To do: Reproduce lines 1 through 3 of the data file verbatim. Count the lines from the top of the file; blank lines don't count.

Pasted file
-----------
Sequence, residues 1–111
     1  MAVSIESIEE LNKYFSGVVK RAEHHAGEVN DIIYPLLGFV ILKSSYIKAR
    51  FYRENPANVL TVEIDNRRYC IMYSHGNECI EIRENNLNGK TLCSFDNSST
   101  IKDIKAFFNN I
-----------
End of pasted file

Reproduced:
Sequence, residues 1–111
     1  MAVSIESIEE LNKYFSGVVK RAEHHAGEVN DIIYPLLGFV ILKSSYIKAR
    51  FYRENPANVL TVEIDNRRYC IMYSHGNECI EIRENNLNGK TLCSFDNSST